The Pendulum Of Life And Success

Pendulum

Life is a lot like a pendulum. On the one side of the pendulum is the potential for happiness, fulfillment, excitement, variety, interest; and on the other side is the potential for failure, risk, disappointment, and criticism.

If the pendulum stands still and doesn’t swing then nothing happens. Sure you don’t have failure, you don’t have any risk, you don’t have any disappointment, and no one says anything bad about you, in fact nothing bad ever really happens to you, you are insulated from disappointment; however, nothing really good happens to you either, you miss out on all the excitement of life, the fulfillment, the variety, the interest and the happiness.

YOU CANNOT SWING A PENDULUM ONLY ONE WAY.

Think about this for all aspects of your life. In every relationship there is a risk that your heart can be broken, but that doesn’t stop you from entering the relationship.

When you raise a family there is a risk that your child will make bad choices that bring pain to themselves and others, that shouldn’t stop you from starting a family.

When you start a business there is the risk that you will fail (in business this is a very real risk).  But we can’t run from risk forever.  We can’t avoid the POTENTIAL for pain for so long that we miss out on the other side.  Whenever we take a risk it is because we want what is on the other side of the pendulum, and we are willing to deal with what comes our way.

Now think about your business and your career. On the one side is financial freedom, excitement, fulfillment, success, but on the other side is the POTENTIAL for rejection, criticism, failure and disappointment.  I know many people who stay at careers they hate for too long, or don’t embrace their true desire for (again I repeat) the “Potential” of rejection, criticism, failure and disappointment.

Unfortunately in business I see many people who let the pendulum stand still. They don’t want the failure, the rejection or the disappointment, so they don’t take massive action where risk is present (which risk is generally just emotional, such as rejection). However, what they fail to recognize is that by making this choice they are also missing out on the other side of the pendulum – financial freedom, fulfillment, variety and excitement.

My advice – swing that pendulum high!!!!

The less you are scared of the “bad side” of the pendulum and are willing to charge ahead (who cares if you fail anyway, failure is never permanent unless you accept it as such) then the pendulum will eventually swing to the good side.

I believe this to be a universal law – if you are willing to push the pendulum to the “scary side” then it will inevitably swing the other way!

Happy Birthday Bud. I Miss You. Thanks For The Lessons You Taught Me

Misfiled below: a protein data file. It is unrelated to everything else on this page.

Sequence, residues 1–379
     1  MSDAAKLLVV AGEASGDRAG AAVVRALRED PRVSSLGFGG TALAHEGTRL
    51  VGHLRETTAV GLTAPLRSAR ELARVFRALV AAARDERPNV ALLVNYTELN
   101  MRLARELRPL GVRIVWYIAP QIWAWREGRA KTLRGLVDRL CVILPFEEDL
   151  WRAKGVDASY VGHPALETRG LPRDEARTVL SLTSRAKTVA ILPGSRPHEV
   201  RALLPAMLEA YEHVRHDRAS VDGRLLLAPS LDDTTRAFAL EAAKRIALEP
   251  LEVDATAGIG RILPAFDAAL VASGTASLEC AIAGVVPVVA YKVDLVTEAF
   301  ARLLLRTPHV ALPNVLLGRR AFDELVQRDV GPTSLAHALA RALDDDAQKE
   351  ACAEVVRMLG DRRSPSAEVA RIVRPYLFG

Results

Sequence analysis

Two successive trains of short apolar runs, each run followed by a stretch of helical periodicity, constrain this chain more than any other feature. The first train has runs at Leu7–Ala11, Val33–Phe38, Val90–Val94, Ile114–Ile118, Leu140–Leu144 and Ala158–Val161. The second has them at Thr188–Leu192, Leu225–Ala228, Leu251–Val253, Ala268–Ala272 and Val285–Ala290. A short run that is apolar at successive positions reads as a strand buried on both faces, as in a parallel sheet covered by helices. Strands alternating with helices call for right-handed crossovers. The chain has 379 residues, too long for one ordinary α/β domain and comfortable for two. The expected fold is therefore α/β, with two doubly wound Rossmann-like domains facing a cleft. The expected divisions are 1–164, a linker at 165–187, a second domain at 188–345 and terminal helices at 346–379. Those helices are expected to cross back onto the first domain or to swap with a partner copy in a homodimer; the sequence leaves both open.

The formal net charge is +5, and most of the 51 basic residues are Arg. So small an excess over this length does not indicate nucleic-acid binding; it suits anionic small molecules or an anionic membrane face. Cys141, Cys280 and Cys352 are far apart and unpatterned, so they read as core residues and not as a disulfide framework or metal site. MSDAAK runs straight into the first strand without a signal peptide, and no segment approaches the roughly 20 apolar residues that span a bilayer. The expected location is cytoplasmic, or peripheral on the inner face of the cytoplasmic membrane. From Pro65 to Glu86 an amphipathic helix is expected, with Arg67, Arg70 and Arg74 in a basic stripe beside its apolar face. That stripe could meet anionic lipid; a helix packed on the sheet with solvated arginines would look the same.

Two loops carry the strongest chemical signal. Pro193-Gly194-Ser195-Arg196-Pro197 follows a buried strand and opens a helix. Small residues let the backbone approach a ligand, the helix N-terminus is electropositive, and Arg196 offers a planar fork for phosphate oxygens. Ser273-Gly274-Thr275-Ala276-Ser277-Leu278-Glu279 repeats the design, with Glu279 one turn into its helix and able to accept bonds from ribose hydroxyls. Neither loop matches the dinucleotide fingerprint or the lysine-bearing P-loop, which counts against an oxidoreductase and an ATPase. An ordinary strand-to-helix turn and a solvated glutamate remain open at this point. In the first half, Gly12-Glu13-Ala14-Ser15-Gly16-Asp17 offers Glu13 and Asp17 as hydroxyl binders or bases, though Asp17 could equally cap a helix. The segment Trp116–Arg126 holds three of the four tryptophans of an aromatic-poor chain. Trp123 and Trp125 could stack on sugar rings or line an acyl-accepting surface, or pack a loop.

joe puffer

[below is a re-post from an article I wrote about Joe Kincheloe on December 19th, 2013 (five years after he died).  Today (December 14th) is his birthday.  You can find the original article here]

Today I feel inspired, reflective, maybe a little sad as well.

Tomorrow is exactly five years from the time that Joe Kincheloe died.  Many people know Joe as a scholar and writer.  He was a Professor and Canada Research Chair in the Faculty of Education at McGill University. He wrote more than 45 books, numerous book-chapters, and hundreds of journal articles in diverse areas relating to education and critical studies.  He was prolific, successful, and extremely influential.

He was also my father-in-law, and a loyal and trusted friend.

I think about Joe often.  He is easily on a short list of the most influential men in my life.  He is the strongest influence on my desire to become a writer.  My first book (soon to be released) is dedicated to him.  

So tonight, as I reflect on his life, and our interactions, while listening to The Stones, Tom Petty, Steve Earle, Bob Marley, Stevie Ray Vaughn, Warren Zevon, and Tony and the Hegemones (music that reminds me of Joe), I wanted to share some of the wisdom that he shared with me when he was here.

Some things were direct, things that he’d tell me when we’d go on walks through the woods near his home in Morin Heights, Quebec.  Others things I just noticed about him, and they were things that I observed in his habits and in his interactions with other people.  They are in no particular order, just powerful little tendencies exhibited by a man who really knew how to live.

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1. The taxi driver is as important as the President 

Everyone who knew Joe had some memorable anecdote that went something like this: they’d leave Joe just for a moment, perhaps to check in to a hotel room, go to the bathroom, maybe drop into a store, only to come back and find Joe interacting with someone like he was their long lost brother.  It was uncanny, and amazing.  He could, and would, make friends with everyone.  His smile was infectious.  He was the most unpretentious person I have ever met, and he had valid reasons to be pretentious.  I have been around so many people in my life who hide behind their titles and accomplishments, or even worse, shove them in my face to make them feel superior.